With only a few months in office, President Gerald Ford had already hosted four official state dinners. No less than a week after telling Americans that the “long national nightmare” of Watergate was finally over, the new commander-in-chief was sipping 1967 Louis Roederer Cristal alongside the King of Jordan. And only days after granting a full, free and absolute pardon to Richard Nixon, White House officials uncorked a bottle of 1964 Dom Pérignon to celebrate the arrival of Israel’s Prime Minister Yitzhak Rabin. But for the dinner honoring Chancellor Bruno Kreisky of Austria, a new milestone in the history of 1600 Pennsylvania Avenue was about to take place.
On the table that night next to Freemark Abbey Cabernet Sauvignon and Napa Valley sparkling wine was a bottle of 1971 Vidal Blanc. Only this bottle came from Michigan – the first wine from not only the Wolverine State, but from the entire mid-west to be served at the White House.
Mistakenly identified on the menu as Trebbiano, this particular vintage came from the Tabor Hill Winery of Buchanan, Michigan – located in the southwestern part of the state. Because Michigan’s ten wineries grew grape varieties that could endure the icy winters of the Great Lakes region, they were able to experience such phenomenal growth that by 1974 they were in the top rankings with California and New York in terms of production. So with a Grand Rapids native in the oval office, it was only a matter of time before his home state’s wine industry was thrust into the national spotlight.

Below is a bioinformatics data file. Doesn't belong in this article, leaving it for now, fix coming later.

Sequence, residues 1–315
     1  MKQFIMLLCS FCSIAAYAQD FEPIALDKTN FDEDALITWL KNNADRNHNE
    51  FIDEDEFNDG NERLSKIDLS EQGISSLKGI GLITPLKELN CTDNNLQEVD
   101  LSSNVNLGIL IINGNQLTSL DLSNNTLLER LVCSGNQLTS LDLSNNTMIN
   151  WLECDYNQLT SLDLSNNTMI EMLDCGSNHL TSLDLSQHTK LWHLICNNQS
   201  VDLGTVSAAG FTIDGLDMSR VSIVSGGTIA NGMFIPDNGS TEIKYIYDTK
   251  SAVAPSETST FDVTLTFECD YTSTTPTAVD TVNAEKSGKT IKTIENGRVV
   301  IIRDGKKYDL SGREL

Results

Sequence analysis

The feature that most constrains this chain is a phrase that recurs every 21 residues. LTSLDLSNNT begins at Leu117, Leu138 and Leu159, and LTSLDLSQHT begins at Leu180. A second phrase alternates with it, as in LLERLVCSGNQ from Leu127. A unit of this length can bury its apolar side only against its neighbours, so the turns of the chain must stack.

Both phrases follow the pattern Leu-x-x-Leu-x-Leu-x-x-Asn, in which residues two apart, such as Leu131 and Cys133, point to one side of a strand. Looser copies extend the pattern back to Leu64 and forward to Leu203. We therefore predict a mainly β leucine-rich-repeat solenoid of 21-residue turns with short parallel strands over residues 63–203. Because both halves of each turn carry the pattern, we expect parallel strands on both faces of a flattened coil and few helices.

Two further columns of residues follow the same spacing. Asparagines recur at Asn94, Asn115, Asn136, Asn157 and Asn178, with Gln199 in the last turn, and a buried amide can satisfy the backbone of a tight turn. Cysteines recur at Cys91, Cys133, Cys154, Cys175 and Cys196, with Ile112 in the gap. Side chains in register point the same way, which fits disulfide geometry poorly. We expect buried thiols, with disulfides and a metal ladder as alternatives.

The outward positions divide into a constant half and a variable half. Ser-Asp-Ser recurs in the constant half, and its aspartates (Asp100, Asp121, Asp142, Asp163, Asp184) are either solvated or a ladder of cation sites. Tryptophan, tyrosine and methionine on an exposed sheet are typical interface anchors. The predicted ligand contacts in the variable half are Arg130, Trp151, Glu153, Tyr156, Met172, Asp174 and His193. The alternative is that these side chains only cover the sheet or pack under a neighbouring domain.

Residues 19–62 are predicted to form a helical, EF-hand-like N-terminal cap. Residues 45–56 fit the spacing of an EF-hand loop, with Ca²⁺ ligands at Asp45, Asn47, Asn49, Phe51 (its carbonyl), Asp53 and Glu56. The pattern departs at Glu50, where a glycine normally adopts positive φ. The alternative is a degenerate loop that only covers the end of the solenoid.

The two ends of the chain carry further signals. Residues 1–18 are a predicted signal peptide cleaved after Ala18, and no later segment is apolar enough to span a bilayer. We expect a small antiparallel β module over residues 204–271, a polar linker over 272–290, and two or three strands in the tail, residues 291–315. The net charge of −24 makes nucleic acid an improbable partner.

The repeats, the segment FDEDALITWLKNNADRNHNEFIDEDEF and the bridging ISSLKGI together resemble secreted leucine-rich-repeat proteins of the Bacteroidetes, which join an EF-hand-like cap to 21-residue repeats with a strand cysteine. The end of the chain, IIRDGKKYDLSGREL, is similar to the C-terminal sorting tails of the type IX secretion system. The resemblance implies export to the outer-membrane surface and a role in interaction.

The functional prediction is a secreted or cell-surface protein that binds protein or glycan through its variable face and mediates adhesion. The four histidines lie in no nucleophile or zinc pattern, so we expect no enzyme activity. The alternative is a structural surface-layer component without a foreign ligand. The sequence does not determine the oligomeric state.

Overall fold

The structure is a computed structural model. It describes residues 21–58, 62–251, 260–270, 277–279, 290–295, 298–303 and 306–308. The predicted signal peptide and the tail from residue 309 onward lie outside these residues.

While singer Vikki Carr prepared to sing her 1974 hit “One Hell of a Woman” to an audience that included Henry Kissinger and Supreme Court Justice William O. Douglas, White House chefs got ready for the evening. On the menu that night was a rich breast of pheasant paired with earthy wild rice (a Ford administration favorite) and chestnut purée.
Marking the first time soup was offered as the opening course since the Eisenhower administration, the second course, cold smoked rainbow trout, was arguably an ode to the Austrian guests. And paired perfectly to this was the Michigan Vidal Blanc – subtle and fruity with citrus and pear notes, it was robust and dry enough to withstand the smokiness of the fish. So great was this wine, that for the next five years, Tabor Hill was seen on numerous other White House function menus.
Thus, November 12th, 1974 marked the day Michigan wine had entered the mainstream.
(Left) The menu. According to Michiganwines.com, the White House incorrectly listed their wine as Trebbiano. (Right) An article in the Dayton Beach Morning Journal announcing the selection of Michigan wine.
(click to enlarge both)